Data Science, Politics, and Police
The intersection of science, politics, personal opinion, and social policy can be rather complex. This junction of ideas and disciplines is often rife with controversies, strongly held viewpoints, and agendas that are often more based on belief than on empirical evidence. Data science is particularly important in this area since it provides a methodology for examining the world in a pragmatic fact-first manner, and is capable of providing insight into some of the most important issues that we face today.
The recent high-profile police shootings of unarmed black men, such as Michael Brown (2014), Tamir Rice (2014), Anton Sterling (2016), and Philando Castile (2016), have triggered a divisive national dialog on the issue of racial bias in policing.
These shootings have spurred the growth of large social movements seeking to raise awareness of what is viewed as the systemic targeting of people-of-color by police forces across the country. On the other side of the political spectrum, many hold a view that the unbalanced targeting of non-white citizens is a myth created by the media based on a handful of extreme cases, and that these highly-publicized stories are not representative of the national norm.
In June 2017, a team of researchers at Stanford University collected and released an open-source data set of 60 million state police patrol stops from 20 states across the US. In this tutorial, we will walk through how to analyze and visualize this data using Python.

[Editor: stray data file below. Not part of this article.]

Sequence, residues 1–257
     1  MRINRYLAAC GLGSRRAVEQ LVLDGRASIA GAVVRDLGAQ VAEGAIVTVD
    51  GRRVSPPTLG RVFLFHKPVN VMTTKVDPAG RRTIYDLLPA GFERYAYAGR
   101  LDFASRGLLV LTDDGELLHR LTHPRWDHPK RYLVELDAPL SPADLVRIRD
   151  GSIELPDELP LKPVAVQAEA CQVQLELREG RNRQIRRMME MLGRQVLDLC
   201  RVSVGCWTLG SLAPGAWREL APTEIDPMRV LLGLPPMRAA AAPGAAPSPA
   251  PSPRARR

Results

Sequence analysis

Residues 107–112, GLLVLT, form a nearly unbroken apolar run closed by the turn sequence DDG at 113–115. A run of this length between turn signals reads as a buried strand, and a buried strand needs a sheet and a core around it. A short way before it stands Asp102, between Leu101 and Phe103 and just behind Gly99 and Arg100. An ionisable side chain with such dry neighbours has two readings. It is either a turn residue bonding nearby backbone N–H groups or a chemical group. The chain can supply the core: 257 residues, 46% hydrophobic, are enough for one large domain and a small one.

To preview the completed IPython notebook, visit the page here.
This tutorial and analysis would not be possible without the work performed by The Stanford Open Policing Project. Much of the analysis performed in this tutorial is based on the work that has already performed by this team. A short tutorial for working with the data using the R programming language is provided on the official project website.
To read more, visit - https://blog.patricktriest.com/police-data-python/
This iPython notebook is 100% open-source, feel free to utilize the code however you would like.
The MIT License (MIT) Copyright (c) 2018 Patrick Triest Permission is hereby granted, free of charge, to any person obtaining a copy of this software and associated documentation files (the "Software"), to deal in the Software without restriction, including without limitation the rights to use, copy, modify, merge, publish, distribute, sublicense, and/or sell copies of the Software, and to permit persons to whom the Software is furnished to do so, subject to the following conditions: The above copyright notice and this permission notice shall be included in all copies or substantial portions of the Software. THE SOFTWARE IS PROVIDED "AS IS", WITHOUT WARRANTY OF ANY KIND, EXPRESS OR IMPLIED, INCLUDING BUT NOT LIMITED TO THE WARRANTIES OF MERCHANTABILITY, FITNESS FOR A PARTICULAR PURPOSE AND NONINFRINGEMENT. IN NO EVENT SHALL THE AUTHORS OR COPYRIGHT HOLDERS BE LIABLE FOR ANY CLAIM, DAMAGES OR OTHER LIABILITY, WHETHER IN AN ACTION OF CONTRACT, TORT OR OTHERWISE, ARISING FROM, OUT OF OR IN CONNECTION WITH THE SOFTWARE OR THE USE OR OTHER DEALINGS IN THE SOFTWARE.